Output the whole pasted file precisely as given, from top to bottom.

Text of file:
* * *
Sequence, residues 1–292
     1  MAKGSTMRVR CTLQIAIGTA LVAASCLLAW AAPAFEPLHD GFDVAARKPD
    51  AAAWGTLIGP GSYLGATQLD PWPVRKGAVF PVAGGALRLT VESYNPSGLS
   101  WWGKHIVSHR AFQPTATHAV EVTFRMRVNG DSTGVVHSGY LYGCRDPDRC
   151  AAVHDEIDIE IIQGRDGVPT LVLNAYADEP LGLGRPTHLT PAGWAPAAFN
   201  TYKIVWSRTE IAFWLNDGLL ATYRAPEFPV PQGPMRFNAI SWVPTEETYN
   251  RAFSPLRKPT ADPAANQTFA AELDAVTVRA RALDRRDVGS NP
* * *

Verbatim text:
Sequence, residues 1–292
     1  MAKGSTMRVR CTLQIAIGTA LVAASCLLAW AAPAFEPLHD GFDVAARKPD
    51  AAAWGTLIGP GSYLGATQLD PWPVRKGAVF PVAGGALRLT VESYNPSGLS
   101  WWGKHIVSHR AFQPTATHAV EVTFRMRVNG DSTGVVHSGY LYGCRDPDRC
   151  AAVHDEIDIE IIQGRDGVPT LVLNAYADEP LGLGRPTHLT PAGWAPAAFN
   201  TYKIVWSRTE IAFWLNDGLL ATYRAPEFPV PQGPMRFNAI SWVPTEETYN
   251  RAFSPLRKPT ADPAANQTFA AELDAVTVRA RALDRRDVGS NP